of Mice: NOD
Inbr (Komeda) 22. Albino: c.
Origin: A substrain developed by
selection for diabetes (high fasting blood glucose) from F6 of the CTS
strain, which was derived from outbred Jcl:ICR mice (Makino et al 1980
0 1980). At F13 a non-diabetic substrain
now designated NON was separated from the main diabetic colony, though
care should be taken in using this as a control strain (Leiter
), and at F20 a female was found with spontaneous insulin-dependent
diabetes mellitus (IDDM). The origin and characteristics of this strain
has been reviewed by Kikutani and Makino (1992
and Leiter (1993), and there is now an extensive literature on the characteristics
of the strain. There is some evidence that substrains exist which differ
in the incidence of IDDM even when maintained in a common environment
(see Leiter 1993
About 80% of females and 20% of males develop insulin-dependent diabetes
by the age of 30 weeks, though this is dependent on environmentazl conditions.
This is associated with insulitis, a leukocyte infiltration of the pancreas
with a marked decrease in pancreatic insulin content by about 12 weeks
of age in females. Genetic analysis suggests that the diabetes is dependent
on multiple recessive loci including one associated with the H2, and another
with the Thy1/Apoa1 loci (Prochazka et
al 1989, Wicker et al 1989
). Has a
unique MHC class II haplotype (Acha-Orbea
and Scarpellino 1991
). Type I insulin-dependent diabetes is associated
with overexpression of class I major histocompatibility complex proteins
on pancreatic islet cells and is prevented by anti-interferon-gamma antibody
(Kay et al 1991
0 1991). Develops Coombs'-positive
hemolytic autoimmune anaemia (Baxter and Mandel
). Rare spontaneous myoepitheliomas arising from myoepithelial
cells of various exocrine glands have been observed (Sundberg et al 1991).
Defect in the expression of the alloantigen, Ly6C, which is not detectable
on spleen or lymph node cells (c.f. NZB and ST but contrast most other
strains) and may be due to an interruption in the flanking region of
the Ly6C gene at a point 475 bp upstream of the transcription initiation
site (Philbrick et al 1990
). NOD mice
may have abnormalities in IFN-gamma production. (Tsumura et al 1989
). Newborn pinealectomy accelerates the
development of diabetes in females while exogenous melatonin protects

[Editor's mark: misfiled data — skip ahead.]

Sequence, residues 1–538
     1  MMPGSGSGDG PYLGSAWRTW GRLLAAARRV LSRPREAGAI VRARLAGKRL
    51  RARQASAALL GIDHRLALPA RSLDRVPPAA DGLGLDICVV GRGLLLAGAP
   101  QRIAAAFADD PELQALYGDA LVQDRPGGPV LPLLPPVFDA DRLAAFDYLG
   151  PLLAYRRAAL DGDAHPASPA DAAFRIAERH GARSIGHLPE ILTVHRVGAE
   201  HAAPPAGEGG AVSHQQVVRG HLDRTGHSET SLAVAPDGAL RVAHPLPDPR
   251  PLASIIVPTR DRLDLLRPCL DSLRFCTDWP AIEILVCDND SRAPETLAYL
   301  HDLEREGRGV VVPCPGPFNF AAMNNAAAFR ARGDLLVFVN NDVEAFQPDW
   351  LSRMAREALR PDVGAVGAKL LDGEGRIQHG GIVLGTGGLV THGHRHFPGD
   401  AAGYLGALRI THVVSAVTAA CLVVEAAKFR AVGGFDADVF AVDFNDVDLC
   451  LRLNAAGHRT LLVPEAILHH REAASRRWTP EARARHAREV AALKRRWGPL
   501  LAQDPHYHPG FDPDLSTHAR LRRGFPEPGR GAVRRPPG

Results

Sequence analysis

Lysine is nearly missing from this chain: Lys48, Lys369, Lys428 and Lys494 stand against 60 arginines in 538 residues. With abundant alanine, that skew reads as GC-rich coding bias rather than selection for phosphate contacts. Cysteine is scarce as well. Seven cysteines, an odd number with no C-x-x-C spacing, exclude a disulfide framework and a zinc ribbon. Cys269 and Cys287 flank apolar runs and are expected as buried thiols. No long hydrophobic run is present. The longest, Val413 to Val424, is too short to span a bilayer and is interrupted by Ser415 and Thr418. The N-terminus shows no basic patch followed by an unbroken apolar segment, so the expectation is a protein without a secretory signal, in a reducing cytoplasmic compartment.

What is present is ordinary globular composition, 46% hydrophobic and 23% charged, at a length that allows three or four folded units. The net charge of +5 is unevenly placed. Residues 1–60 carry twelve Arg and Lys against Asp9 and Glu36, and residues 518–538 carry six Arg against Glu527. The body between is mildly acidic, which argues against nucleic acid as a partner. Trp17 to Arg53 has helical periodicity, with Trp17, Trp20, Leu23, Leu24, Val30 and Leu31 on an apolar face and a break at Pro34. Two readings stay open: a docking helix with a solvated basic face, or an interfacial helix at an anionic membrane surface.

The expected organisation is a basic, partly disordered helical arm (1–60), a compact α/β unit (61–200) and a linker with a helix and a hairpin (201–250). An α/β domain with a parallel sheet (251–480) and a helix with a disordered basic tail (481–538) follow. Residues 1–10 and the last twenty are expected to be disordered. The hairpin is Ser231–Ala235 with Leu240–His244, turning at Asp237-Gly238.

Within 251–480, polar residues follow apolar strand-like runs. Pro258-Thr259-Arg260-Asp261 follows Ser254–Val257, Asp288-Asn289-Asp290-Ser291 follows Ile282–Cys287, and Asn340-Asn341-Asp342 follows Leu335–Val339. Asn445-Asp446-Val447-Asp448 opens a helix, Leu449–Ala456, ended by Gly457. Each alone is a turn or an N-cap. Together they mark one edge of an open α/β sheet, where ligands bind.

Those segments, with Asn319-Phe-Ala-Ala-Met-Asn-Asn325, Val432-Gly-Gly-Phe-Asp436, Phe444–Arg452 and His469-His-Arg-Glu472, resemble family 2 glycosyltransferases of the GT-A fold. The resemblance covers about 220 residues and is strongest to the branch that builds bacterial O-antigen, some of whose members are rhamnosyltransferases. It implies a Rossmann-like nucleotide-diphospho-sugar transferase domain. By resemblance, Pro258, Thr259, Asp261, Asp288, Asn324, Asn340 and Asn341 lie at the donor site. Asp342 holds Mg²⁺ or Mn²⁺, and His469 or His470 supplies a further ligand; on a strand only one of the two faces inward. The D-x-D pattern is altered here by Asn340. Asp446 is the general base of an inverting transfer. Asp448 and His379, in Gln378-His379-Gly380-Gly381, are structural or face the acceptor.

the mice though it results in an increase in insulin autoantibodies (Conti and Maestroni, 1996
Low susceptibility to Mycobacterium leprae (contrast MRL-lpr)
(Yogi et al 1989). Lymphoid cells are resistant
to several signals known to induce apoptosis in other mouse strains, suggesting
that they have a defect in mechanisms mediating programmed cell death
(Leijon et al, 1994). Do not differ significantly
from mice of other strains in antioxidant enzyme profiles, suggesting
that it is unlikely that any adverse effect of oxygen radicals on beta
cells is a result of antioxidant enzyme deficiency (Cornelius et al, 1993). Mice are C5-complement deficient
(Hc0) (Baxter and Cooke, 1993).
Maint. by Jic, Wak.
H. and Scarpellino L. (1991) Nonobese diabetic and nonobese nondiabetic
mice have unique MHC class II haplotypes. Immunogenet. 34,
A. G. and Mandel T. E. (1991) Hemolytic anemia in non-obese diabetic mice.
Eur. J. Immunol. 21, 2051-2055.
A. G. and Cooke A. (1993) Complement lytic activity has no role in the
pathogenesis of autoimmune diabetes in NOD mice. Diabetes 42,
and Maestroni G. J. M. (1996) Melatonin rhythms in mice and its role in
autoimmune diseases. Periodicum Biologorum 98, 451-457.
J. G., Luttge B. G., and Peck A. B. (1993) Antioxidant enzyme activities
in IDD-prone and IDD-resistant mice: A comparative study. Free Radical
Biology and Medicine 14, 409-420.
Kay T. W. H.,
Campbell I. L., Oxbrow L., and Harrison L. C. (1991) Overexpression of
class I major histocompatibility complex accompanies insulinitis in the
non-obese diabetic mouse and is prevented by anti-interferon-gamma antibody.
Diabetologia 34, 779-785.
H. and Makino S. (1992) The murine autoimmune diabetes model: NOD and
related strains. Adv. Immunol. 52, 285-322.
K., Hammarstrom B., and Holmberg D. (1994) Non-obese diabetic (NOD) mice
display enhanced immune responses and prolonged survival of lymphoid cells.
International Immunology 6, 339-345.
Leiter E.H. (1993)
The NOD mouse: A model for analyzing the interplay between heredity and
environment in development of autoimmune disease. ILAR News 35,
S., Kunimoto K., Muraoka Y., Mizushima Y., Katagiri K., and Tochino Y.
(1980) Breeding of a non-obese, diabetic strain of mice. Exp. Animals
(Japan) 29, 1-13.
W. M., Maher S. E., Bridgett M. M., and Bothwell A. L. (1990) A recombination
event in the 5' flanking region of the Ly-6C gene correlates with impaired
expression in the NOD, NZB and ST strains of mice. EMBO Journal
M., Serrez D. V., Worthen S. M., and Leiter E. H. (1989) Genetic control
of diabetogenesis in NOD/Lt mice.# Development and analysis of congenic
stocks. Diabetes 38, 14-46.
H., Komada H., Ito Y., and Shimura K. (1989) In vitro and in vivo interferon
production in NOD mice. Lab. Animal Sci. 39, 575-578.
L. S., Miller B. J., Fischer P. A., Pressey A., and Peterson L. B. (1989)
Genetic control of diabetes and insulitis in the nonobese diabetic mouse.
Pedigree analysis of a diabetic H-2nod/b heterozygote. J.
Immunol. 142, 781-784.
Yogi Y., Nakamura
K., and Suzuki A. (1989) The experimental inoculation with Mycobacterium
leprae in autoimmune mice: results of MRL/lpr mice inoculated into the
right hind foot. Japanese Journal of Leprosy 58, 235-240.
INBRED STRAINS OF MICE
Updated 9 Apr. 1998
MRC Toxicology Unit, Hodgkin Building,
University of Leicester,